Neutrogena believes that beauty begins with healthy skin. The brand has always helmed innovation in skin science and sun safety, setting a high bar for products that deliver. But putting great skincare on shelves isn’t enough. They realized that the lack of credible educational materials and access to dermatologists prevents more than half of the country’s population from having their best skin—especially within the BIPOC community.
According to the brand’s “Skin Health in America” survey, “62 percent of Americans, ages 18 and over, experience some form of skin inequality, and American adults earning less than $25,000 per year are 1.7 times less likely to have ever seen a dermatologist.” This disparity not only means that people aren’t living with their best skin, but they’re potentially facing deadly consequences by not getting regularly checked for skin issues, such as melanoma.
In response, Neutrogena launched the For People With Skin campaign in 2021, which is dedicated to advancing skin health for all. Since then the company has been rolling out programs to support it, including the Heroes of Skin Health Equity Awards. The initiative honors individuals who are doing their part to “make the world of skincare more accessible” for all skin types, tones, and demographics. Recipients of the awards include scientists, filmmakers and entrepreneurs, across four categories: Advocacy, Expertise, Transparency, and Education.
The co-honorees for Education are Kyra Peters, age 22 and Sarah-Jean Williams, 19, who innovated in skin health education for BIPOC communities through film. The directors each recently received a funding for production and mentorship with Chloe and Halle Bailey through Neutrogena’s First Frame Fellowship, to create skin health-related educational short films. “We have always been fans of Neutrogena and what it stands for as a brand. Inclusivity in beauty is so important to us, and we love how Neutrogena offers such a diverse assortment of products for all people with skin. Plus, now we get to be part of programs, like the First Frame Program, to empower change and help provide a platform for people of diverse backgrounds who have a story to tell,” the Bailey sisters say.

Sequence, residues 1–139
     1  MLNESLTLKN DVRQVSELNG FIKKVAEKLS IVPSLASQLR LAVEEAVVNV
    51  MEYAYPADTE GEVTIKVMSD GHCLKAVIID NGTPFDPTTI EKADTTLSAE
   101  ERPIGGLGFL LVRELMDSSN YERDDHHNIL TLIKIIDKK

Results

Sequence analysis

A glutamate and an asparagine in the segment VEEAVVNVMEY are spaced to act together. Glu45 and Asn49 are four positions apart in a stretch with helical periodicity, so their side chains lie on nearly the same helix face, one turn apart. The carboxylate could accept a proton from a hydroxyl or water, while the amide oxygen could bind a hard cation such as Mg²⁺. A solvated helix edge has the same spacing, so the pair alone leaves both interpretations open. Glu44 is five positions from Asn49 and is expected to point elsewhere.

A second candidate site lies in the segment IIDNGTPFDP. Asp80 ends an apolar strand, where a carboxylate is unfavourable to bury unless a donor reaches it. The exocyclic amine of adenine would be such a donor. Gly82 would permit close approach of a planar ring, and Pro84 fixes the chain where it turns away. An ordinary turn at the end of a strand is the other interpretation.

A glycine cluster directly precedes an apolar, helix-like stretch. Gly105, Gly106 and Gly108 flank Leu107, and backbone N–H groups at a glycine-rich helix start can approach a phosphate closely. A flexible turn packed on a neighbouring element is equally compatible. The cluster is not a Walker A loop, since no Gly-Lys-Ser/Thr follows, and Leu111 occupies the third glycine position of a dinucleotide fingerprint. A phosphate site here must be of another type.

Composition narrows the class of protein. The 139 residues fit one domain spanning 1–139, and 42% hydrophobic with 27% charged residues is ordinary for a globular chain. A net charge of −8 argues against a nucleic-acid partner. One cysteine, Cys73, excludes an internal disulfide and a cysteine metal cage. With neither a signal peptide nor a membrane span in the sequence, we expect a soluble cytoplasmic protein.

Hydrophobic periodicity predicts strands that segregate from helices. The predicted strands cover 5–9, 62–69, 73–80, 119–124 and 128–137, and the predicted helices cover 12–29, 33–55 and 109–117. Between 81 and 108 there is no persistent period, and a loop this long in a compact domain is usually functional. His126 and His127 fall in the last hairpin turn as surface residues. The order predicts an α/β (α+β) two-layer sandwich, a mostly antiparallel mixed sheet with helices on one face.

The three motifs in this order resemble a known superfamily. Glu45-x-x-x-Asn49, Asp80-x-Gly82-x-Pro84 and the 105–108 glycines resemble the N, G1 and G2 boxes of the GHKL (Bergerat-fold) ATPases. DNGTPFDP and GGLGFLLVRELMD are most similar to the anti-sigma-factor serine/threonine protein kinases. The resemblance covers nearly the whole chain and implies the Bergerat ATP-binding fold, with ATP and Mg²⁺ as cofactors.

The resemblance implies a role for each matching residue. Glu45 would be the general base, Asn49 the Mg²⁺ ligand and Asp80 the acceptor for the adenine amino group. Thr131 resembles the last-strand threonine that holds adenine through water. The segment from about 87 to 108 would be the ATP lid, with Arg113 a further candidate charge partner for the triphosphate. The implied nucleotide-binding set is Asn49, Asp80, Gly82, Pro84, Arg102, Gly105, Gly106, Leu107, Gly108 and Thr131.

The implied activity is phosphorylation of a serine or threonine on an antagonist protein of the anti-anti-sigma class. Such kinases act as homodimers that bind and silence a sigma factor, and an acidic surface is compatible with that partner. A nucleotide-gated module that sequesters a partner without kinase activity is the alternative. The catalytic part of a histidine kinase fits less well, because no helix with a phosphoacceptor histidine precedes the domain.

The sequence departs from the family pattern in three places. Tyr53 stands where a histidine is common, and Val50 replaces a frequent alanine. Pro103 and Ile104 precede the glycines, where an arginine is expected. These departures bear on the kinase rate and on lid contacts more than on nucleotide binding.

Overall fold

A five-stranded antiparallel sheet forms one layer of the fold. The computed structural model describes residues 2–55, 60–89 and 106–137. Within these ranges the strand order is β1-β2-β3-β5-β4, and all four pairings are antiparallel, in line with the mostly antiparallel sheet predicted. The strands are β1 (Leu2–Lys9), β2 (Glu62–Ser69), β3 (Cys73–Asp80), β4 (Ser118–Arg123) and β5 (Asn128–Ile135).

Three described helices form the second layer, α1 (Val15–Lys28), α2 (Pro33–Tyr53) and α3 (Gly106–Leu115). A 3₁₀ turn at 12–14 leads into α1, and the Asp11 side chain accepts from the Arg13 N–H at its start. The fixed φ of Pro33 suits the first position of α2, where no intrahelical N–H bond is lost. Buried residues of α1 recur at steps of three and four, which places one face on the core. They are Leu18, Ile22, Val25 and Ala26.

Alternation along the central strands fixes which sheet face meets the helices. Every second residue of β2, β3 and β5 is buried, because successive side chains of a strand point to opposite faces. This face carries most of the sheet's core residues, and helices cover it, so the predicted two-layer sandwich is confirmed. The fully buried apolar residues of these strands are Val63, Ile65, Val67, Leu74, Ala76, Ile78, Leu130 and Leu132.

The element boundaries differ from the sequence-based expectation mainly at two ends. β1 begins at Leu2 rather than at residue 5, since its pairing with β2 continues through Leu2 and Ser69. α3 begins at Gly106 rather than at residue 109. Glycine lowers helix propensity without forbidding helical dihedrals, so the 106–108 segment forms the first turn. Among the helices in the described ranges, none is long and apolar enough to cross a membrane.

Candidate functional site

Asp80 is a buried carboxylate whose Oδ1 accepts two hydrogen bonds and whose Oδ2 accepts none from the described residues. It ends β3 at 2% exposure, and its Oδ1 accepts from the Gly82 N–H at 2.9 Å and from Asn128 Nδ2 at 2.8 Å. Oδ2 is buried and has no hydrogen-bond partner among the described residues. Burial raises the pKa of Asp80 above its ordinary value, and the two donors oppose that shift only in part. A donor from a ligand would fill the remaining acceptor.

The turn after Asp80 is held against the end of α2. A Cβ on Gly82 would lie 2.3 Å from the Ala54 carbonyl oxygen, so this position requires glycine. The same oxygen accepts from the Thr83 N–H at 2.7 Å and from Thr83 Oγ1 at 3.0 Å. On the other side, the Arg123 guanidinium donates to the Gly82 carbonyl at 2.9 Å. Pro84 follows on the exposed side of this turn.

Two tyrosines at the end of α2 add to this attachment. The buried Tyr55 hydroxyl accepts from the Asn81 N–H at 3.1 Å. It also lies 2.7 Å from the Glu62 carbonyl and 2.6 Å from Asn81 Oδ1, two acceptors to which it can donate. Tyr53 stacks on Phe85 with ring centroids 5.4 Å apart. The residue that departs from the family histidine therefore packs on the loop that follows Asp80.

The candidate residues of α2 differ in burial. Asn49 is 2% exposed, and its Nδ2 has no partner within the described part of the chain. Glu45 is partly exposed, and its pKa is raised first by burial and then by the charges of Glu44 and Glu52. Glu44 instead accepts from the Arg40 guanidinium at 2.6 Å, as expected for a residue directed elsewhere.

Williams’ film En Avant, tells the story of a ballerina who is told to layer on lighter-toned makeup to hide her Black skin and ultimately learns that she doesn’t have to wear a mask. “Women of color specifically have a unique and often painful perspective that deserves to be explored in artistic form,” says Williams. The film ultimately speaks to feeling powerless against those in charge. For the ballerina, it’s people in her dance company, but on a larger scale, it could be anyone from educators who design medical curricula to beauty companies who create products that don’t work for everyone.
Through her film, If My Voice Rang Louder Than My Skin, Peters shows how communities can come together to voice the injustices they face because of their skin. She finds that instead of rallying around shared experiences, many stay silent. “What I emphasize in my film is that a lot of us are scared and feel vulnerable and on edge,” she says. “We are scared about other people judging us or being misheard.” Peters reflects on the colorism she faces as a Black woman with a darker skin tone. “You often feel otherized. You feel different. You feel not as beautiful,” she says.
Educating the general public is not the only key to skin health equity. Some honorees have turned their attention to more specific areas of improvement. When it comes to skincare, there’s no better place to start than in the field of medicine. Neutrogena found that 47% of dermatologists felt their training did not prepare them to treat Black skin. It’s no surprise when even the textbooks they are using in medical school favor caucasian skin. In fact, upwards of 76% of bodies in anatomy textbooks are white.
But Malone Mukwende, a “Skin Equity Awards” winner for Advocacy, hopes to correct this inequity in medical curriculums, which he says is the “reason people are literally dying.” Along with two other colleagues, he created a handbook that demonstrates clinical conditions shown on a range of darker skin tones. He is also the founder and creator of Hutano, a social platform that helps Black and brown communities improve their health outcomes.
To promote discussion and education on the skin health issues most commonly faced by those with Black and brown skin Mukwende and Hutano have partnered with the brand to launch the SkinU by Neutrogena community page within the platform.
As part of the Heroes of Skin Health Equity initiative Neutrogena also honored Dr. Adeline Kikam, a board-certified dermatologist and founder of @BrownSkinDerm for Expertise and Sabrina Noorani, Founder & CEO of ClearForMe, a digital resource that promotes skincare ingredient transparency.
By elevating the voices and furthering the work of all of this year’s Heroes, Neutrogena is amplifying the conversation of skin health for all and helping ensure all people feel beautiful in their own skin.
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